On April 20, 2018, the world lost Tim Bergling, better known as EDM crossover hitmaker Avicii. Over a year after his death, the first posthumous collection of music was released as Tim. Backed by his family and completed by a team of producer friends, the set serves as a decent memorial to one of the most popular electronic acts of the 2010s. While much of the album still feels unfinished -- versions of these songs were recorded between January and April of 2018 -- Bergling's final thoughts and sonic visions are handled respectfully, though with varying results.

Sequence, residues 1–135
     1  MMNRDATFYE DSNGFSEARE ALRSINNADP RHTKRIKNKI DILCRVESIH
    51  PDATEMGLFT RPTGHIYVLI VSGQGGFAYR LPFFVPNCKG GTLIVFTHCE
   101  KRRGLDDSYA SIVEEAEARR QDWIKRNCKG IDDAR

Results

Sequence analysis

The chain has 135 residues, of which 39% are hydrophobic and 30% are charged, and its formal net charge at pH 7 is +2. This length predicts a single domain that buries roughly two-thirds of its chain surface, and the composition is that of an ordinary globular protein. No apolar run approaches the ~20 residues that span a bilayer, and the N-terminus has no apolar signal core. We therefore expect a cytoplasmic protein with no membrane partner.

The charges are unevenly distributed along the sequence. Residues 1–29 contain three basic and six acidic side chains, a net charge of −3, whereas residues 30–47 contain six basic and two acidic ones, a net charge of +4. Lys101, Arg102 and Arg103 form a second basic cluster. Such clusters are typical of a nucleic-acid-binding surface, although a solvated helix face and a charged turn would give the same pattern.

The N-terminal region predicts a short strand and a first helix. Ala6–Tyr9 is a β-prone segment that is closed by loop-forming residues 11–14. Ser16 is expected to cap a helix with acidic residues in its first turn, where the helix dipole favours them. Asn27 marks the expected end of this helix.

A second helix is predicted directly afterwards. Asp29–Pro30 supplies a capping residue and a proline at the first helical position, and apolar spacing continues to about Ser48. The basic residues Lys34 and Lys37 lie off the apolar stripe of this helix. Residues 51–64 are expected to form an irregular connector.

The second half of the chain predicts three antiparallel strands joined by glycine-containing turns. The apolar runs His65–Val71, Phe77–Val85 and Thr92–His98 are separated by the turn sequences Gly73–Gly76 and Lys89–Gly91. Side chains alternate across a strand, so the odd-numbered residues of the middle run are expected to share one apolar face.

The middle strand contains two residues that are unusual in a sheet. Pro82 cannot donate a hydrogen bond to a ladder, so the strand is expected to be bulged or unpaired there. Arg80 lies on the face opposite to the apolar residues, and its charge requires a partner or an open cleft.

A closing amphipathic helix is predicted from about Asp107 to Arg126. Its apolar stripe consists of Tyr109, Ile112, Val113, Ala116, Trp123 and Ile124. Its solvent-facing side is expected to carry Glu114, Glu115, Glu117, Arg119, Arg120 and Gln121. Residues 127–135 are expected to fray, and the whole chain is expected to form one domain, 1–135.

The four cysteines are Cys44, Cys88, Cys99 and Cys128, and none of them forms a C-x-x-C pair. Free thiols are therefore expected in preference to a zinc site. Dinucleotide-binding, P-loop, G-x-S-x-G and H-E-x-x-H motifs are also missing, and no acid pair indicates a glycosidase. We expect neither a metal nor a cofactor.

What will Tim Bergling's legacy be? At his commercial peak, the late dance producer, best known as Avicii, was reliable for field-sweeping big-tent anthems explicitly designed for mass uplift. There's a scene of magical realism in the recent Elton John biopic Rocketman where, during the piano rocker's legendary residency at Los Angeles venue the Troubadour, the entire audience literally levitates during an electrifying performance of "Crocodile Rock," and it's not hard to imagine something similar taking place in a raver-packed field, a collective festival throng floating on air to the cascading synth chorus of 2011's EDM totem "Levels. " Despite counting a number of real-deal stars in its confines, EDM itself--a subgenre of electronic music in strict economic terms, less definable by its toplines than its bottom line--has rarely made much hay of those stars' actual personalities, to the point where some of them rarely (if ever) reveal their faces to the general public.